requires "heavy liquid" paint strippers you can buy at hardware and paint stores. To remove oil-based
paints, read what we say above about Oil-based Stains. Do not use acid or heat to remove paint from stone
Water Spots and Rings
When hard water accumulates on your natural stone, use dry .0000 steel wool to gently buff it. There's just enough
abrasion in that grade to remove the stain without dulling the surface. Pause and examine the area as you buff to be sure
you're not overdoing it. And if you do, restore the surface with marble polishing powder described earlier at
If at First You Don't Succeed -- Poultices
A poultice is a thick paste, the consistency of peanut butter, consisting of a liquid
cleaning agent and dry material that that absorbs the stain, transported to it via the agent. It is
applied in a thckness of 1/4 to 1/2 an inch, covered with plastic and taped to seal the area, and left alone for 24 to
48 hours. Sometimes fresh poultices must be applied up to five times to remove the stain, and sometimes even
that will not "evict" the stain from your natural stone. As we said earlier, an ounce of prevention is worth
a pound of cure.
Talc (as in talcum powder
but unscented), white molding plaster, whiting, powdered chalk, kaolin, fuller's earth and diatomacious earth
are pliable and easy to use. White paper towels (with no decorative printing), gauze and white cotton balls may be used
as well. Do not use whiting or iron-type clays that contain acids.
When combined with the cleaning
agent, about one pound of poultice will cover one square foot of stained natural stone.
Specific Cleaning Agents
them to your specific types of stains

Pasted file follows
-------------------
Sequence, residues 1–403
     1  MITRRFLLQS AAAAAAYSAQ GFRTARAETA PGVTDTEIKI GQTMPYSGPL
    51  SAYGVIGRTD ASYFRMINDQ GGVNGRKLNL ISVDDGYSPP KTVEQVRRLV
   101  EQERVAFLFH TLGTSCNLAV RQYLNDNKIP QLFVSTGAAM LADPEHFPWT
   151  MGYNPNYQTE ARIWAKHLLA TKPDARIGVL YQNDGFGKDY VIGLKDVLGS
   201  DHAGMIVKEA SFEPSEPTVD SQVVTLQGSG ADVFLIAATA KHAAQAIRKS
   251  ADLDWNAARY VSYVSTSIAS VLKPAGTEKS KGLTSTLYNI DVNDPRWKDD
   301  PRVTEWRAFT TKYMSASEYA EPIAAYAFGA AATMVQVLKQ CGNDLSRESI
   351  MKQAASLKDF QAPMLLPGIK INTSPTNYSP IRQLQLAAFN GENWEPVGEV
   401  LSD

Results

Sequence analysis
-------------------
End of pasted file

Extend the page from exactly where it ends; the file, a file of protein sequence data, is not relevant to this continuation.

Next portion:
Biological - Use hydrogen peroxide or ammonia or
bleach. Don't combine ammonia and bleach.
Cooper - You may succeed with ammonia; at least apply
once or twice and if you see results, continue. If you see no results, call The Granite Guy.
Iron - Use diatomacious earth and rust
remover from the hardware store. Rust stains are "iffy" from the get-go. Try, try, and if you see no results, call The
Granite Guy nearest you.
Oil - Baking soda and water may do the trick. If not, try mineral spirits with another powdered absorbent
Organic - Use a powdered absorbent
material and 12% (hair bleach strength) hydrogen peroxide.
Get It On!
1. Remember you want a paste the consistency of
smooth (not chunky) peanut butter. If you're using cotton balls, paper or gauze, you don't want any dripping as
you apply it, so let the excess drain a few minutes before you apply iit
2. Before applying anything, wet the stained
area with distilled water.
3. Apply the poultice about an inch beyond the stained area. Use a wood or plastic scraper
to apply it. You don't want to accidentally scratch the surface with a metal scraper.
4. After covering the
area with plastic sheet -- the kind you might use for a drop cloth or weather-proofing windows -- seal the entire border of
that covering with tape; not just a few spots along the border. The goal is to keep the liquid cleaning agent from drying
|5. Don't touch the area for 24 to 48 hours.
6. Then remove the plastic and allow
the area to dry.
7. Remove the poultice, using a wood or plastic scraper if necessary. Rinse the area with distilled
water and buff it with a soft cloth.
Repeat the proceedure up to five times or more (your choice) if the removal
is not as complete as you had hoped.
What do you do if the stain is still
there after 10 poultices?
Call The Granite Guy nearest you!